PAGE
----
What's new

Iran hits numerous US organizations in sophisticated cyberattack operation exhibiting "highly advanced degree of complexity"

Aspen

BANNED
Sep 18, 2019
2,714
1
4,885
Country
Pakistan
Location
United States
An Iranian cyber-espionage group known as Charming Kitten (APT35 or Phosphorus) has used the recent winter holiday break to attack targets from all over the world using a very sophisticated spear-phishing campaign that involved not only email attacks but also SMS messages.

"Charming Kitten has taken full advantage of this timing to execute its new campaign to maximum effect," said CERTFA, a cybersecurity organization specialized in tracking Iranian operations.

"The group started the new round of attacks at a time when most companies, offices, organizations, etc. were either closed or half-closed during Christmas holidays and, as a result, their technical support and IT departments were not able to immediately review, identify, and neutralize these cyber incidents," it added.

CERTFA said it detected attacks targeting members of think tanks, political research centers, university professors, journalists, and environmental activists.

The victims were located in countries around the Persian Gulf, Europe, and the US.

HOW AN ATTACK UNFOLDED

CERTFA researchers said that this particular campaign exhibited an advanced degree of complexity. Victims received spear-phishing messages from the attackers not only via email but also via SMS, a channel that not many threat actors use on a regular basis.

While the SMS messages posed as Google security alerts, the emails leveraged previously hacked accounts and tried to play on the festive mood with holiday-related lures.

The common denominator in both campaigns was that Charming Kitten operators managed to successfully hide their attacks behind a legitimate Google URL of https://www.google[.]com/url?q=https://script.google.com/xxxx, which would have fooled even the most tech-savvy recipients.

certa-sms.png



certa-email.png


But behind the hood, CERTFA said that the legitimate Google URL would end up bouncing the user through different websites and eventually bring him to a phishing page, where they'd be asked for login credentials for personal email services like Gmail, Yahoo, and Outlook, but also business emails.

sms-redirection-stages.jpg


The CERTFA team noted that this wasn't the first time that Charming Kitten managed to successfully hide links to spear-phishing websites behind Google URLs.

The company points to a previous report from January 2020, exposing a Charming Kitten operation that abused sites.google.com links.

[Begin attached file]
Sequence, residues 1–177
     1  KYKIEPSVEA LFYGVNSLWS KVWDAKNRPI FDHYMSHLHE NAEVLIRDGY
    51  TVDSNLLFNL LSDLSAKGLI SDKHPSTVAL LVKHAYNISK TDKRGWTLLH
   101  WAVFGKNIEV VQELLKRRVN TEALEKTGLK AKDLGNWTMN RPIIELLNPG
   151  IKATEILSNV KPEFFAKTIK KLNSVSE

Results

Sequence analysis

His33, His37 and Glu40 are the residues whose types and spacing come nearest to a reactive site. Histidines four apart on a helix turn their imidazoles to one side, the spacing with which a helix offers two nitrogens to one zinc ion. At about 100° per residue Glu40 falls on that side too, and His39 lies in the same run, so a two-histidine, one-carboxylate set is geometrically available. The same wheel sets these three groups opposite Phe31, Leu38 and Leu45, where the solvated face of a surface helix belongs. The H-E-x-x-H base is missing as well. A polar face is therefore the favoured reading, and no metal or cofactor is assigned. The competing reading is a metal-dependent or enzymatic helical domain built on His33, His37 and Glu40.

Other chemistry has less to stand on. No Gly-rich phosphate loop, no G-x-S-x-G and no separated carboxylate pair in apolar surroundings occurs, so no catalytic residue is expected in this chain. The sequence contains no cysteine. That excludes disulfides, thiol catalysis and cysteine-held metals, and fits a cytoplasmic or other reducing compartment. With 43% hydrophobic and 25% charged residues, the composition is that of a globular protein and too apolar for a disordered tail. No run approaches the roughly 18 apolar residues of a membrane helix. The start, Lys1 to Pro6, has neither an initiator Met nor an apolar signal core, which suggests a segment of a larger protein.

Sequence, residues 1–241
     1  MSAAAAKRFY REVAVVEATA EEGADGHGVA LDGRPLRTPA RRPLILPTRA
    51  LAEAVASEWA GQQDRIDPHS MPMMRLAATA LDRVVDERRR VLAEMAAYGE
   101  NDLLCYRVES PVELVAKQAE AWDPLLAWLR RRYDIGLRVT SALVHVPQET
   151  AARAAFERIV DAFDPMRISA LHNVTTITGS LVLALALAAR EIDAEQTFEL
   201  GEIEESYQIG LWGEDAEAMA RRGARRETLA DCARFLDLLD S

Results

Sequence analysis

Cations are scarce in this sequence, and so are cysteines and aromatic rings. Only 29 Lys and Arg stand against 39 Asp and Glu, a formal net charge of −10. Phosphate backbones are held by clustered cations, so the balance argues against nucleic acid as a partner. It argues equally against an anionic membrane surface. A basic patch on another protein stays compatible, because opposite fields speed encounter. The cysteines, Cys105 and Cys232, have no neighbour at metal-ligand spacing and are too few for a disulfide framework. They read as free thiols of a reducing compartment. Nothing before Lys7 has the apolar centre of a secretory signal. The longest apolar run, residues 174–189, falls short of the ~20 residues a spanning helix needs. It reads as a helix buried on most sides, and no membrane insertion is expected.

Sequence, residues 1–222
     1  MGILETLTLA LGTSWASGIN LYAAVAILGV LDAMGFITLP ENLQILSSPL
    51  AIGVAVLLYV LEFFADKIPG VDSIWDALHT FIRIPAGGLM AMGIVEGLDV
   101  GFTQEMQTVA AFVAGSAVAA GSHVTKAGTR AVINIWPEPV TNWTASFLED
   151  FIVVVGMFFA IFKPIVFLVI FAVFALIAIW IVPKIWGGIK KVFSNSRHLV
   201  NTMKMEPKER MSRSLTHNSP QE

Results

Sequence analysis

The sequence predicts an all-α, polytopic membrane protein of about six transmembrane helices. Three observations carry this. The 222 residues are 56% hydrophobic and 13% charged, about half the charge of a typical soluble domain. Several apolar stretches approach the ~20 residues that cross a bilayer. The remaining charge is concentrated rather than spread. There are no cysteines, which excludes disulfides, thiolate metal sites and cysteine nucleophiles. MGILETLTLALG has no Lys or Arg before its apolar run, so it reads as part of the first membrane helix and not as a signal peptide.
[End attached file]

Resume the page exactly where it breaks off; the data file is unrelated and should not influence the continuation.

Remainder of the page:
BHAN85

FULL MEMBER
Jan 5, 2015
723
-1
386
Country
Spain
Location
Spain
Sorry but nobody can believe this BS.

USA can hack everybody because hardware and software that everybody use is MADE IN USA.

There is no magic, just factory hardware & software backdoors.

Iran doesnt manufacture hardware or software used by USA.
 

Arian

ELITE MEMBER
Oct 21, 2011
2,395
0
4,629
Location
Germany
Sorry but nobody can believe this BS.

USA can hack everybody because hardware and software that everybody use is MADE IN USA.

There is no magic, just factory hardware & software backdoors.

Iran doesnt manufacture hardware or software used by USA.
Yes, but the ability to launch cyber warfare is not the same as defending against it.
 

BHAN85

FULL MEMBER
Jan 5, 2015
723
-1
386
Country
Spain
Location
Spain
Yes, but the ability to launch cyber warfare is not the same as defending against it.
USA doesnt need to defend, because they are the manufacturers and they are the only ones who know all the backdoors in the hardware/software they sell.
 

Aspen

BANNED
Sep 18, 2019
2,714
1
4,885
Country
Pakistan
Location
United States
USA doesnt need to defend, because they are the manufacturers and they are the only ones who know all the backdoors in the hardware/software they sell.
That is pure bullshit, I hope nobody is stupid enough to believe this snake oil
 

Arian

ELITE MEMBER
Oct 21, 2011
2,395
0
4,629
Location
Germany
USA doesnt need to defend, because they are the manufacturers and they are the only ones who know all the backdoors in the hardware/software they sell.
That's not the way it works. Any web application can have security vulnerabilities, particularly in large projects where there are many contributors to the project. Websites like Google, Yahoo, Microsoft and others have been hacked and even defaced by script kiddies many times.
 

Aspen

BANNED
Sep 18, 2019
2,714
1
4,885
Country
Pakistan
Location
United States
That's not the way it works. Any web application can have security vulnerabilities, particularly in large projects where there are many contributors to the project. Websites like Google, Yahoo, Microsoft and others have been hacked and even defaced by script kiddies many times.
Not only do they have vulnerabilities but these exploits are openly published for anyone to replicate, and many do take advantage of these exploits before they are patched.

However, this seems more advanced than that because it involves a level of deception that goes way beyond some basic exploit.
 

Arian

ELITE MEMBER
Oct 21, 2011
2,395
0
4,629
Location
Germany
Not only do they have vulnerabilities but these exploits are openly published for anyone to replicate, and many do take advantage of these exploits before they are patched.

However, this seems more advanced than that because it involves a level of deception that goes way beyond some basic exploit.
Indeed. There are even websites for releasing security vulnerabilities and reporting them.
 

Users Who Are Viewing This Thread (Total: 1, Members: 0, Guests: 1)


Top Bottom